1887

Principles of abdominal surgery

image of Principles of abdominal surgery
GBP
Online Access: GBP25.00 + VAT
BSAVA Library Pass Buy a pass

Abstract

Abdominal surgery is a commonplace procedure in modern veterinary practice and one that most veterinary surgeons feel confident in their ability to perform. This chapter covers the indications for abdominal surgery, patient evaluation, preparation and stabilization, surgical risks and complications, and patient monitoring. Practical tips are highlighted throughout.

Loading full text...

Full text loading...

/content/chapter/10.22233/9781910443248.chap1

Figures

Image of 1.5
1.5 Manual platelet counts (shown with platelet clumping), activated clotting time (ACT), activated partial thromboplastin time (aPTT), prothrombin time (PT) and buccal mucosal bleeding time, in addition to specific factor estimation, all provide valuable information about a patient’s haemostatic ability. (© Alison Ridyard)
Image of 1.6
1.6 Patient evaluation for the presence of pulmonary metastatic disease is important prior to abdominal surgery in the treatment of neoplastic diseases.
Image of 1.7
1.7 Thoracocentesis to remove pleural effusion prior to general anaesthesia and abdominal surgery in a dog with a chronic traumatic diaphragmatic rupture.
Image of 1.8
1.8 Abdominocentesis prior to abdominal surgery aided in the diagnosis of uroperitoneum in this patient.
Image of 1.10
1.10 Placement of a jejunostomy tube during abdominal surgery, allowing enteral nutritional support in the postoperative period in a patient with a pancreatic abscess.
Image of 1.13
1.13 An intra-abdominal abscess (delineated by a dashed line) following splenectomy in a German Shepherd Dog. The abscess developed at the site of ligation of the splenic artery and vein. The dog had a 3-week history of lethargy, inappetence and diarrhoea following the initial surgery.  was cultured from the abscess.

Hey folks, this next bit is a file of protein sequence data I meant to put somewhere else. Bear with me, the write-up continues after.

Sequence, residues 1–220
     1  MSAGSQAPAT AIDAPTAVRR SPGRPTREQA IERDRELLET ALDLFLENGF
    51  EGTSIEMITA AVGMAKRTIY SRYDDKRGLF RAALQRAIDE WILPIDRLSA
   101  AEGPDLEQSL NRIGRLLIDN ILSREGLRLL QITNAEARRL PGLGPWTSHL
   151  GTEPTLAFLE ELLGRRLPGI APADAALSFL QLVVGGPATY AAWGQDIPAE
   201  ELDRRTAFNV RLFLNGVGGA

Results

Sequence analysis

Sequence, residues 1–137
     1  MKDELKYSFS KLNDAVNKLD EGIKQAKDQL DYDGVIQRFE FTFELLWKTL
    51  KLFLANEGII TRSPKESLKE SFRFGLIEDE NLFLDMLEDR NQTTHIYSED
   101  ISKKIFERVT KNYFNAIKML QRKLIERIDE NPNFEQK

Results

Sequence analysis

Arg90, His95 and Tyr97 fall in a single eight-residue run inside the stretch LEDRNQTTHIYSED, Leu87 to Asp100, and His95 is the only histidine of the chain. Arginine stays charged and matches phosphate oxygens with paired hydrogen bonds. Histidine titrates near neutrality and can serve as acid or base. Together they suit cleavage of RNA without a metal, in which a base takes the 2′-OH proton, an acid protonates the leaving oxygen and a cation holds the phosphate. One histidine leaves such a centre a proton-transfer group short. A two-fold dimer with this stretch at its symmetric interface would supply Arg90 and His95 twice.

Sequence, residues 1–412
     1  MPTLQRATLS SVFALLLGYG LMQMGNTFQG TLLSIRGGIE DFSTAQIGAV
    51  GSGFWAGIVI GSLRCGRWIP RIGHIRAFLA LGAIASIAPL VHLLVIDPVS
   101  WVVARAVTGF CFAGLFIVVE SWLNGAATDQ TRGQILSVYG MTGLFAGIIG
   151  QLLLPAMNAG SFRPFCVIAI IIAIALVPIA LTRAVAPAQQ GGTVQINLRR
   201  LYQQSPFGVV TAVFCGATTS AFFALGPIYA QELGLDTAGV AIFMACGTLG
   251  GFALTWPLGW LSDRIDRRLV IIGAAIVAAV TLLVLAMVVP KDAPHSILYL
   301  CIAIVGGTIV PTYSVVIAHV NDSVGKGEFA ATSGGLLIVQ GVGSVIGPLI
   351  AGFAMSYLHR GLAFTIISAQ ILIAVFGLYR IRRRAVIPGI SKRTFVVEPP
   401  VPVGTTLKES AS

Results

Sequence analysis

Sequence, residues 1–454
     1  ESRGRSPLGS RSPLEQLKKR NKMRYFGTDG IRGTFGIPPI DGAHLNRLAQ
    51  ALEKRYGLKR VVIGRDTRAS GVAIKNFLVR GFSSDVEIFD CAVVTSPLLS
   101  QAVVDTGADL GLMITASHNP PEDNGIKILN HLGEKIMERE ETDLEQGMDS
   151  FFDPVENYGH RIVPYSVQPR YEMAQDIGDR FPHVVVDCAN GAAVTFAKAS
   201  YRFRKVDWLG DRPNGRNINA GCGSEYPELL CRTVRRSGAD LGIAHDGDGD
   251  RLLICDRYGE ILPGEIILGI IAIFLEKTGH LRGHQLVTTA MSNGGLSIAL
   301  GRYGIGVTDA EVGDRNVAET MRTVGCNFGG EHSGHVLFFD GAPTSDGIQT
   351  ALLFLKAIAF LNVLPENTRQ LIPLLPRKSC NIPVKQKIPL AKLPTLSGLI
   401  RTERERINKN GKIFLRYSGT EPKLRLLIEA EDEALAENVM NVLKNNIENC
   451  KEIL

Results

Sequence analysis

Image of 1.15
1.15 Exploration of the abdominal cavity.
Image of 1.16
1.16 (a) A wide surgical clip has been performed prior to exploratory abdominal surgery in a dog. (b) An inadequate surgical clip was performed in this dog. Note that the cranial part of the abdominal incision stops within the hair coat (arrowed).
Image of 1.17
1.17 The scalpel blade should be held perpendicular to the skin.
Image of 1.18
1.18 A Harmonic scalpel being used to dissect the skin away from a mandible. The active blade (arrowed) vibrates at 55,000 cycles per second.
Image of 1.19
1.19 Moist abdominal swabs may be used to minimize tissue dehydration when operating on isolated tissues, such as this section of jejunum.
Image of 1.21
1.21 Evisceration following ovariohysterectomy.
Image of 1.22
1.22 A surgical swab retained following exploratory abdominal surgery.
Image of 1.23
1.23 All surgical swabs should be accounted for prior to abdominal closure. Note the presence of the radiopaque marker in the swabs.

More like this

/content/chapter/10.22233/9781910443248.chap1
dcterms_title,dcterms_description
5
5
This is a required field
Please enter a valid email address
Approval was a Success
Invalid data
An Error Occurred
Approval was partially successful, following selected items could not be processed due to error